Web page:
“In Peru it is easier to vacate the president than to condemn a murderer.” Phrases that some Peruvians pronounce these days and illustrate the political moment that the country is experiencing.
On Monday, President Martín Vizcarra was removed by Congress in a “vacancy motion“for a” moral incapacity “to exercise the position.
The now ex-president had been accused of receiving bribes from companies to grant public works during his tenure in the Moquegua governorate.
Vizcarra denies the charges, among others because they are based on testimonies whose authenticity has not been validated by justice.
The fact is that his fall, however, is something that “has already been accomplished”, as is also heard in the streets of Peru, where protests are already being reported. A new president, Manuel Arturo Merino, took office on Tuesday.
Vizcarra’s vacancy comes two months after another attempt by Congress, also led by Congressman Merino, to remove him. And remember that Vizcarra himself came to power in 2018 after the resignation of Pedro Pablo Kuczynski amid two similar vacancy motions.
It is inevitable that the dismissal will also evoke what happened with the last six presidents of the country; not all dismissed, but investigated or convicted of corruption.
Peru, meanwhile, has been the country most affected economically and healthily by the pandemic in the region and is preparing to elect a new president and Congress in April 2021.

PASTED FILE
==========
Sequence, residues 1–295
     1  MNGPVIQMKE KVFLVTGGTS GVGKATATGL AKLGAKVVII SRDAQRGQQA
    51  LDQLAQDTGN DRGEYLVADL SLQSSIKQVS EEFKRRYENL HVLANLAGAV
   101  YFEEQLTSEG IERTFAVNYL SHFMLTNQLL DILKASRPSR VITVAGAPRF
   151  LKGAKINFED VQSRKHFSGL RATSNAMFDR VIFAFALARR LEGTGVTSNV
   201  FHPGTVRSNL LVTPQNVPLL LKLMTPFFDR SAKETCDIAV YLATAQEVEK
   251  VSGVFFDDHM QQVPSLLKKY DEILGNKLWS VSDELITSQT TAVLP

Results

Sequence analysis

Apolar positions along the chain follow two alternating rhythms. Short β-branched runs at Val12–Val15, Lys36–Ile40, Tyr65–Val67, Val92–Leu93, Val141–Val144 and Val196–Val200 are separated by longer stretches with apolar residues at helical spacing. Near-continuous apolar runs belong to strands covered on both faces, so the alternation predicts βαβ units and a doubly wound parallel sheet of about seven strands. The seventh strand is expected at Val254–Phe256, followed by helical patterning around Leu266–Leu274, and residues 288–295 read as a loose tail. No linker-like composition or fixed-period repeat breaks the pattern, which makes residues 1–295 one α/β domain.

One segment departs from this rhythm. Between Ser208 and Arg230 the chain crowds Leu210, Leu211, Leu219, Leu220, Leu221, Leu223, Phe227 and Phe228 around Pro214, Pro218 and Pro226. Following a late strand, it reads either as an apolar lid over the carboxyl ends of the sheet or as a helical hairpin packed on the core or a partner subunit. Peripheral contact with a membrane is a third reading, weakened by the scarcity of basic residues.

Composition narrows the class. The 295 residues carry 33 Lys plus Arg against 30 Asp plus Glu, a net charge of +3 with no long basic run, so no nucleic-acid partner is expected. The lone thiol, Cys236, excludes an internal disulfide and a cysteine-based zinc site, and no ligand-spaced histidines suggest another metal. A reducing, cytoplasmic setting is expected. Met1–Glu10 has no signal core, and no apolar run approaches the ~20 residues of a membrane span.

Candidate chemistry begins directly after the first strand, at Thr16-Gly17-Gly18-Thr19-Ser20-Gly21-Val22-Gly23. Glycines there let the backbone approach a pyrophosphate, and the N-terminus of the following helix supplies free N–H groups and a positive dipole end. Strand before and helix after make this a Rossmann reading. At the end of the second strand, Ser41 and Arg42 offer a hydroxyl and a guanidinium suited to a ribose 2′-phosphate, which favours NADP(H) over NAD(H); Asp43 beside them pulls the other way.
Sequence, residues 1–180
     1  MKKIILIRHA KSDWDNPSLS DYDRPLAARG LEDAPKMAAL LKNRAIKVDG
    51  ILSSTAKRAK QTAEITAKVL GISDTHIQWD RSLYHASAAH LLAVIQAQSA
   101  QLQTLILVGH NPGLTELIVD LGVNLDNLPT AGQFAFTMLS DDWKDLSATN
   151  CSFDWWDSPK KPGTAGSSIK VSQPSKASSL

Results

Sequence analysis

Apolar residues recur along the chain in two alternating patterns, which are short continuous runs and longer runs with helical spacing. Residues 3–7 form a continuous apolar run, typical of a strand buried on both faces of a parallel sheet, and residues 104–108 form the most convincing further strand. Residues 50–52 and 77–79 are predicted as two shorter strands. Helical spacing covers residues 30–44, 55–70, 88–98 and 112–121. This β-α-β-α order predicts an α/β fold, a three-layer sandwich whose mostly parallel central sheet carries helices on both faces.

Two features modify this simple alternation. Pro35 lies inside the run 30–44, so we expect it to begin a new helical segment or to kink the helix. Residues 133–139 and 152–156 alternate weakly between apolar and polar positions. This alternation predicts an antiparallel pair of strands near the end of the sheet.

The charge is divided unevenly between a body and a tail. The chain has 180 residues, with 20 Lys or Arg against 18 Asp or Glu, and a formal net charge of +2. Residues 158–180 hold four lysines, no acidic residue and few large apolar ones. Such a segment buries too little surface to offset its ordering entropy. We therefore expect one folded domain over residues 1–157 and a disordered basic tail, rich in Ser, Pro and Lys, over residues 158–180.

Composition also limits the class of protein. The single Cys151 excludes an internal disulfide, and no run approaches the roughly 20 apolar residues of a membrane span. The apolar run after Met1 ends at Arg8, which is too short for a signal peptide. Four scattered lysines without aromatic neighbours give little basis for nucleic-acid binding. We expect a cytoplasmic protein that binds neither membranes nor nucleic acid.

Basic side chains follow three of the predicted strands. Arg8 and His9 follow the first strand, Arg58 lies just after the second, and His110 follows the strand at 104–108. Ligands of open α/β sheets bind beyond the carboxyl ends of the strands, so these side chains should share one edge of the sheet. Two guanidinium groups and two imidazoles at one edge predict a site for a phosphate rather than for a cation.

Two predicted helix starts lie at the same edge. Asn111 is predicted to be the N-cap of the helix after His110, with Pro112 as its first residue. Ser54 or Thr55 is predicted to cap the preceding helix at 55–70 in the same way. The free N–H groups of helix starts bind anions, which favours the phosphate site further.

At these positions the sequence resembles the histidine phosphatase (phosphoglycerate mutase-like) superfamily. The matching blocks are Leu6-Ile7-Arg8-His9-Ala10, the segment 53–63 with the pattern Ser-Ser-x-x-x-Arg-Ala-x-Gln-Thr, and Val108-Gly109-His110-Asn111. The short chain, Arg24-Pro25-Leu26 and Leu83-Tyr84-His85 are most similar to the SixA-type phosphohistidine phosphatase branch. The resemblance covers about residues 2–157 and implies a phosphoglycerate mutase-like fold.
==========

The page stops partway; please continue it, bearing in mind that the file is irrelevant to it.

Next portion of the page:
So things, the apparent The ease with which Congress manages to corner presidents has become a kind of exoticism of Peru, which like other Latin American countries suffers from corruption but with extraordinary consequences.
What, then, is the matter? These are four keys to understanding it.
1. A semi-parliamentary system in practice
As in all of Latin America, Peru has a presidential political system: the president, elected by universal suffrage, is the head of state and has extraordinary powers that favor the stability and efficiency of the government.
But the Peruvian system has a characteristic that it only shares with Venezuela and Ecuador in the region: that its Congress, of just 130 legislators, only has one legislative chamber.
Also, unlike the rest of the region Peruvians have been introducing institutions or mechanisms of European parliamentarism into their system that seek to prevent presidents from tending toward authoritarianism.
With this, the motions of censure in Peru are not called for attention, but resignation mandates and the ministerial cabinets and executive budgets depend on the scrutiny and approval of Congress.
“An institutional look makes us see that in Peru the president does not have the hyper-presidential profile that had been raised, but that your strength depends on avoiding a consolidated opposition in Congress“, explains Milagros Campos, professor of constitutional law at the Catholic University.
“In 200 years Peru has not been able to resolve the scenario of a government without a majority in Congress; and whenever it has occurred it has resulted in coups d’état or vacancies”, as happened in the case of Vizcarra.
2. The vacancy figure
To this is added the famous figure of “the vacancy due to moral incapacity of the president”, which exists in other countries, but operates in Peru and has different scopes.
The vacancy comes from the Constitution of 1839 and was ratified in the following 10, including the last, of 1993.